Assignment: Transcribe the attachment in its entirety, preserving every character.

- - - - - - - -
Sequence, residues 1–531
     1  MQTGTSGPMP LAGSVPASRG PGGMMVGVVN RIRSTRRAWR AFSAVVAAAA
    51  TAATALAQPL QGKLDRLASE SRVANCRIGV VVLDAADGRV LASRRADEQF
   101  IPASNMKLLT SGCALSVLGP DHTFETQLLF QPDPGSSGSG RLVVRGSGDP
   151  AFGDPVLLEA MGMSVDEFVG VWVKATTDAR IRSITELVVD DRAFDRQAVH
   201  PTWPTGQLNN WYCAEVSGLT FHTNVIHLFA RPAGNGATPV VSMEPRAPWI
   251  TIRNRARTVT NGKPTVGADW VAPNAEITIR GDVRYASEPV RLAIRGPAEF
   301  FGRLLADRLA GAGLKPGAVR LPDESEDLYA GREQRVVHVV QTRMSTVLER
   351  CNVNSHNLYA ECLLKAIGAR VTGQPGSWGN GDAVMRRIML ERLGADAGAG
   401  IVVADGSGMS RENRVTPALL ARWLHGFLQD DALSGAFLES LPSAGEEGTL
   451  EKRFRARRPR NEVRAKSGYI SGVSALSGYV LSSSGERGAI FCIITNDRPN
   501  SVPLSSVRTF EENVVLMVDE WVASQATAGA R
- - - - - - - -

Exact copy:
Sequence, residues 1–531
     1  MQTGTSGPMP LAGSVPASRG PGGMMVGVVN RIRSTRRAWR AFSAVVAAAA
    51  TAATALAQPL QGKLDRLASE SRVANCRIGV VVLDAADGRV LASRRADEQF
   101  IPASNMKLLT SGCALSVLGP DHTFETQLLF QPDPGSSGSG RLVVRGSGDP
   151  AFGDPVLLEA MGMSVDEFVG VWVKATTDAR IRSITELVVD DRAFDRQAVH
   201  PTWPTGQLNN WYCAEVSGLT FHTNVIHLFA RPAGNGATPV VSMEPRAPWI
   251  TIRNRARTVT NGKPTVGADW VAPNAEITIR GDVRYASEPV RLAIRGPAEF
   301  FGRLLADRLA GAGLKPGAVR LPDESEDLYA GREQRVVHVV QTRMSTVLER
   351  CNVNSHNLYA ECLLKAIGAR VTGQPGSWGN GDAVMRRIML ERLGADAGAG
   401  IVVADGSGMS RENRVTPALL ARWLHGFLQD DALSGAFLES LPSAGEEGTL
   451  EKRFRARRPR NEVRAKSGYI SGVSALSGYV LSSSGERGAI FCIITNDRPN
   501  SVPLSSVRTF EENVVLMVDE WVASQATAGA R